Why Cable Didn't Die in 1990

It's pretty easy to see that Cable's character wasn't totally understood at his inception. Upon introductions, Cable was a man with mechanical parts that he supposedly constructed. When Strobe touched the metal of Cable's arm it warped. He was able to fix the arm while in his Freedom Force cell. Nothing spoke of his futuristic need to reconstruct the techno-organic matter that made up half his body.

Presently, we know better. Knowing better doesn't help when we look back. With all the information we've received about Cable, the earlier appearances just don't add up. There is, however, an early anomaly that can be answered. When I first read the X-Tinction Agenda, I had the knowledge of Cable's history already in my mind. When Wipeout negated everyone's powers Cable should have theoretically died. In the context of the story he's just a man with a machine arm. We know better. We know that Cable has to strive to use his TK abilities to keep his T-O virus in check. Without this ability, he does what he did in the last incarnation of X-Force: dies. However, Wipeout doesn't completely take away mutant powers, he simply blocks them. So Cable still has his TK abilities, they are just made latent. It's reasonable to assume that since his body had been accustomed to fighting the T-O virus his whole life that it would still be able to fight just out of habit with his powers blocked. Like instinctual survival. Now, this shouldn't be a claim that the writers knew this was the case during this arc, but at least those of us in the know can look back and not be totally disgusted at supposed problems with continuity.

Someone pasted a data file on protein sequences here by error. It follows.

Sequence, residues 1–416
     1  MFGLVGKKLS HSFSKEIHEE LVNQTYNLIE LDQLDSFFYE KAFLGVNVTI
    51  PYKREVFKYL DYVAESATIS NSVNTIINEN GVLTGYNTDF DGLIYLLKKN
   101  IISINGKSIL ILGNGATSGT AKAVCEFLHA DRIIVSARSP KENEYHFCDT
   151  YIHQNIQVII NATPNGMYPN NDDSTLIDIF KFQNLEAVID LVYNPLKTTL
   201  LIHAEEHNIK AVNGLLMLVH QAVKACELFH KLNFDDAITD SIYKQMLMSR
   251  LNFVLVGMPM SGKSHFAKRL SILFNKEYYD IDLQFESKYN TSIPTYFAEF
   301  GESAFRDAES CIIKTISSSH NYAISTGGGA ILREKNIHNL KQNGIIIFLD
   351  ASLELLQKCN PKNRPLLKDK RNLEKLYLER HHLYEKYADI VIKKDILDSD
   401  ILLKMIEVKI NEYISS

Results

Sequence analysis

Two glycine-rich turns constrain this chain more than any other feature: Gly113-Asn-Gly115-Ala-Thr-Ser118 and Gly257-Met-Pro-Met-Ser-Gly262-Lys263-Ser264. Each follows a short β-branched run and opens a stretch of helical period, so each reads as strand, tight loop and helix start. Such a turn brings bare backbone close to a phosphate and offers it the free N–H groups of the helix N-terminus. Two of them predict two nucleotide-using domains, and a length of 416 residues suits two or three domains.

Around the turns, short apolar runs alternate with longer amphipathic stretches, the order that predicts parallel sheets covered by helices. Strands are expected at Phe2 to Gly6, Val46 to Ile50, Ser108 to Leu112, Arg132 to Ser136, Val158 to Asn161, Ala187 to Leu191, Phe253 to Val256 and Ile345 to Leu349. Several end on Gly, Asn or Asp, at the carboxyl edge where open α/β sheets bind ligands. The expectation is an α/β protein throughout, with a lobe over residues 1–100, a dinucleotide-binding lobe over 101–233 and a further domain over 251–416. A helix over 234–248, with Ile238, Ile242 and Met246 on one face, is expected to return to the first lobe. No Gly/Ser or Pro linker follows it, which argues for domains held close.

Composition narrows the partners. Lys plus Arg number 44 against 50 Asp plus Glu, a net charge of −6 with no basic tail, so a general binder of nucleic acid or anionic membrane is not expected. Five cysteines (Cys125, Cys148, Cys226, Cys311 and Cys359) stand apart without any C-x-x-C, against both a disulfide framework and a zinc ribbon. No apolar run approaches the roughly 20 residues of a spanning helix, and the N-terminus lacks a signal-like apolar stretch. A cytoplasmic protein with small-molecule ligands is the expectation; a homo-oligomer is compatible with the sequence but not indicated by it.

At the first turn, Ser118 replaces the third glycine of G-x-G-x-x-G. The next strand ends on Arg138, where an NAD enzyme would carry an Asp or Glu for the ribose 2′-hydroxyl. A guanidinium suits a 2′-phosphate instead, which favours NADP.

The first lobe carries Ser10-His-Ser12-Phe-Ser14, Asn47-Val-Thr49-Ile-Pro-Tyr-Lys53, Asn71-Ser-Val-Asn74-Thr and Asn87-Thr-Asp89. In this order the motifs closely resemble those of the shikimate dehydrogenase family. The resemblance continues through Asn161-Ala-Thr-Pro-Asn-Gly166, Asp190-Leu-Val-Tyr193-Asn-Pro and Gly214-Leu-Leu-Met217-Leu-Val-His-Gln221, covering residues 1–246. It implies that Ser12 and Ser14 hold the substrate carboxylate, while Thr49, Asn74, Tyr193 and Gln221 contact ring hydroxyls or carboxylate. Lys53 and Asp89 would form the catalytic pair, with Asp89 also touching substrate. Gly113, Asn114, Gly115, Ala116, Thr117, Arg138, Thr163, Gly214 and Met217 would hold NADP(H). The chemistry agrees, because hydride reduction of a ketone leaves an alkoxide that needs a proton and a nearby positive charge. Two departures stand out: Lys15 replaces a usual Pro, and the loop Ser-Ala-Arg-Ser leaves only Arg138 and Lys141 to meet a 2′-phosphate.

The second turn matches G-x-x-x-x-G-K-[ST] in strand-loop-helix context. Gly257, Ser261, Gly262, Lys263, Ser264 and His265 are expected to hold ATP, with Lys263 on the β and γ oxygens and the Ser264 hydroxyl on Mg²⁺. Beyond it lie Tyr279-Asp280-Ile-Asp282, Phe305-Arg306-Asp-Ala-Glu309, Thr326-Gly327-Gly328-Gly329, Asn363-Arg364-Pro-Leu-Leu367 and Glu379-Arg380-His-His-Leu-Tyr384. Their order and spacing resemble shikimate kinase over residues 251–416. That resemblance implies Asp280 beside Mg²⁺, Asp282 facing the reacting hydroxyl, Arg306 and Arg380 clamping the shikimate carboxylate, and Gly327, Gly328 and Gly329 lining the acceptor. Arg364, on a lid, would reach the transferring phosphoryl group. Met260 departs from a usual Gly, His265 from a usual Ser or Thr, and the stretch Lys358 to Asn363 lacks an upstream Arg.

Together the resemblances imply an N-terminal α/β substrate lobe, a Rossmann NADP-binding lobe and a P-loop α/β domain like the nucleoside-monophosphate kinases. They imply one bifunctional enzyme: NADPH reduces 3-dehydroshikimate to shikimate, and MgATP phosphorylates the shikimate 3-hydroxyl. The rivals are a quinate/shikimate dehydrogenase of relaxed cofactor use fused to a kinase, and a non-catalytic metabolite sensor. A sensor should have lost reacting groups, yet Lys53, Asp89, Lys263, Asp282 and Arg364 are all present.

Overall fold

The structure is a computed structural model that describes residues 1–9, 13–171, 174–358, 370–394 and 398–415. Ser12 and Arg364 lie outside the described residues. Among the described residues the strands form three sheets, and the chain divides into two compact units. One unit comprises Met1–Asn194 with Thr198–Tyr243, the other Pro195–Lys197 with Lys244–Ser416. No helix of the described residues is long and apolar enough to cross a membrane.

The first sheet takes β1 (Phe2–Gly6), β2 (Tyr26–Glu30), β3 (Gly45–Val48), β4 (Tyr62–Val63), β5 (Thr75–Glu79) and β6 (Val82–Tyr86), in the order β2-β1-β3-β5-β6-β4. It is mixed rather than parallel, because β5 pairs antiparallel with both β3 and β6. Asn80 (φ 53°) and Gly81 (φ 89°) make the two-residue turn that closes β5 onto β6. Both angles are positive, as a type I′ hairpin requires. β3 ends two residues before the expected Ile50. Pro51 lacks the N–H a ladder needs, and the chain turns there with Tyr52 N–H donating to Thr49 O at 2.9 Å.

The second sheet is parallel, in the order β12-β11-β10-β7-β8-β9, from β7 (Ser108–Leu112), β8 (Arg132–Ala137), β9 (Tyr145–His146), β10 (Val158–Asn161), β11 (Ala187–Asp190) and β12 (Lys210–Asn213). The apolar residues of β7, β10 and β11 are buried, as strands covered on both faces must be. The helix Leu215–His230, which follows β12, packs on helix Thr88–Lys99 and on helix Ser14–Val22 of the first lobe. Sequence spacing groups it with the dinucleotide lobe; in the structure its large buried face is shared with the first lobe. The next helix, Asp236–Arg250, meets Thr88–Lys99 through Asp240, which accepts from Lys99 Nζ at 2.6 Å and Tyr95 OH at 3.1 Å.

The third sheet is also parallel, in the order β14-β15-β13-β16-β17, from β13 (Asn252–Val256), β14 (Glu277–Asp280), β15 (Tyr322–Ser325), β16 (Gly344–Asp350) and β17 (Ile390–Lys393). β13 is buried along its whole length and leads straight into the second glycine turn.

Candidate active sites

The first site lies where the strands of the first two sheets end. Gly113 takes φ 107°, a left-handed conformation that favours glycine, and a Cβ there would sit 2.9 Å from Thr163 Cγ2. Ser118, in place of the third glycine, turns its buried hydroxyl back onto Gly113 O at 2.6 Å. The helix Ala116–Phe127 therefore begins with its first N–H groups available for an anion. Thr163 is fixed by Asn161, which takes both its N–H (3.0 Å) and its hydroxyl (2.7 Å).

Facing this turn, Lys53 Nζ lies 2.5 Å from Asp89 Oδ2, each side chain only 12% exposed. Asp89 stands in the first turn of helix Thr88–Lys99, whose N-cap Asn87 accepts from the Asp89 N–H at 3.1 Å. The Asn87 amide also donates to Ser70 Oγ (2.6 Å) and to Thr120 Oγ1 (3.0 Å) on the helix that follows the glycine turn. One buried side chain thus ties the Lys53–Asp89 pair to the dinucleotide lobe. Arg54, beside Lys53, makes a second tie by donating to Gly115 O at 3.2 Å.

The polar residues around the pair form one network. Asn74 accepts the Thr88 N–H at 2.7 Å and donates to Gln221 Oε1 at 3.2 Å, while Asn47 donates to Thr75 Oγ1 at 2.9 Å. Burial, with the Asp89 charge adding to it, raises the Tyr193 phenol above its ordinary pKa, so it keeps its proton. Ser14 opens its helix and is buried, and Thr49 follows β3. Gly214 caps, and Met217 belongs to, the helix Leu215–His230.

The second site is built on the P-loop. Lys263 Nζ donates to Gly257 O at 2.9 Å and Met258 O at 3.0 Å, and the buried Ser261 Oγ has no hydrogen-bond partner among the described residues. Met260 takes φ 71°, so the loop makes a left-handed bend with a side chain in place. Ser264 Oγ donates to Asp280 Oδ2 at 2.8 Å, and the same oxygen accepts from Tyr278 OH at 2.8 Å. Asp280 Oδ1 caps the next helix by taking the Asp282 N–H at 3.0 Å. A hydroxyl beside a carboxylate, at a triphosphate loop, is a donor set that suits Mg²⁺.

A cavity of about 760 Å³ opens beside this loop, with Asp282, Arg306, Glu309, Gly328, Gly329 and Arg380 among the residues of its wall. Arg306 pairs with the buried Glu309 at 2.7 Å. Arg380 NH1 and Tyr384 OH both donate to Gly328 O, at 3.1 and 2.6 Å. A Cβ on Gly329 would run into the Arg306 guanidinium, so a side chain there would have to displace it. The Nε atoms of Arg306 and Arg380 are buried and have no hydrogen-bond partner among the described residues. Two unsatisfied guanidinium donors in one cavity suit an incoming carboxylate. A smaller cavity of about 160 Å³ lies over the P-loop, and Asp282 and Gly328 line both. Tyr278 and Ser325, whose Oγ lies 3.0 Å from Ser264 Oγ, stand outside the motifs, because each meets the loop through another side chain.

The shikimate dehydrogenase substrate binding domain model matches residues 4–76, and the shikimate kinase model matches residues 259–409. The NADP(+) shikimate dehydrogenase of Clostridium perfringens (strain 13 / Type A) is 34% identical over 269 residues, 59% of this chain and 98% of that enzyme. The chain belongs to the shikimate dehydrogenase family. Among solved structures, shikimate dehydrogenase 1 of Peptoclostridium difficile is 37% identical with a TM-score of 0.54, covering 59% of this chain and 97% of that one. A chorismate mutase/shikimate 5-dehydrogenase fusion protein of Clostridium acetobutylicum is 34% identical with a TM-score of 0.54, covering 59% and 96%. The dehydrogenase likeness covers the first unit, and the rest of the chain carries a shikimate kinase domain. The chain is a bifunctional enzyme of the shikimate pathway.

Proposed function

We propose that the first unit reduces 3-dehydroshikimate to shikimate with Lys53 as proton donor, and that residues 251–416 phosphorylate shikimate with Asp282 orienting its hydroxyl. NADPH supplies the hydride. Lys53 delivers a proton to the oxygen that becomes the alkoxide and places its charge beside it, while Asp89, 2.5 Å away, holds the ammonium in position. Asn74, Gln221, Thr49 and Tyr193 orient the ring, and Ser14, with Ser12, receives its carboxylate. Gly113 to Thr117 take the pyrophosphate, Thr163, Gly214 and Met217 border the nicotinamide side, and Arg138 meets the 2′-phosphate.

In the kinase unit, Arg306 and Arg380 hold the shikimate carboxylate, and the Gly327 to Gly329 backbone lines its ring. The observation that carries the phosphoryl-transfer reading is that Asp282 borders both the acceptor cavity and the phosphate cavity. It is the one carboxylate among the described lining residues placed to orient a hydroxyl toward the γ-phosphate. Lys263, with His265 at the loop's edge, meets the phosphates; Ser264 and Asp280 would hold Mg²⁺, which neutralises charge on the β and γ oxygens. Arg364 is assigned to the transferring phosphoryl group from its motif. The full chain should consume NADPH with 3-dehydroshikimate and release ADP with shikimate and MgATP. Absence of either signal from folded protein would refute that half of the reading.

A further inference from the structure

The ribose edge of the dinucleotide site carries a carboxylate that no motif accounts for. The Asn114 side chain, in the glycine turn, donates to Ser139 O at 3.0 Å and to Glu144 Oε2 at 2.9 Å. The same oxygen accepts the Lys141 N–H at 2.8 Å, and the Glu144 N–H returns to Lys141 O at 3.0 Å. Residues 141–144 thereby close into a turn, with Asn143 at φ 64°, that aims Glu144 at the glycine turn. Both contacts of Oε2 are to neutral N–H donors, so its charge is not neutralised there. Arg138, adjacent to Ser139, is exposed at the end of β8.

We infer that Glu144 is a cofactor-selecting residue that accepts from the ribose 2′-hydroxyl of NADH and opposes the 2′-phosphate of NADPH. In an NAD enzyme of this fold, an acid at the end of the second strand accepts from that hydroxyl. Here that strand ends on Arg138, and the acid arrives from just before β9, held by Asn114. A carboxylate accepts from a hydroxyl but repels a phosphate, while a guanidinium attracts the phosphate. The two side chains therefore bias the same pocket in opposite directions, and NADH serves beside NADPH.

As a side note: There are a few more cool things that this arc brought about with Cable. Oddly enough, none of these little pieces of trivia come from his own book, the New Mutants, but from the X-Men books from the arc. This issue has Cable's eye glow, as well as Cable calling Jean Grey "Red." This obviously goes to him having called Jean "Redd" in his past. Lastly, Cable straight up says he's the savior of the mutant race right after the arc in Uncanny X-Men #273. We all know he tries to step into this role much later. A lot of Cable's continuity is iffy, but at least these things have pretty deep roots.

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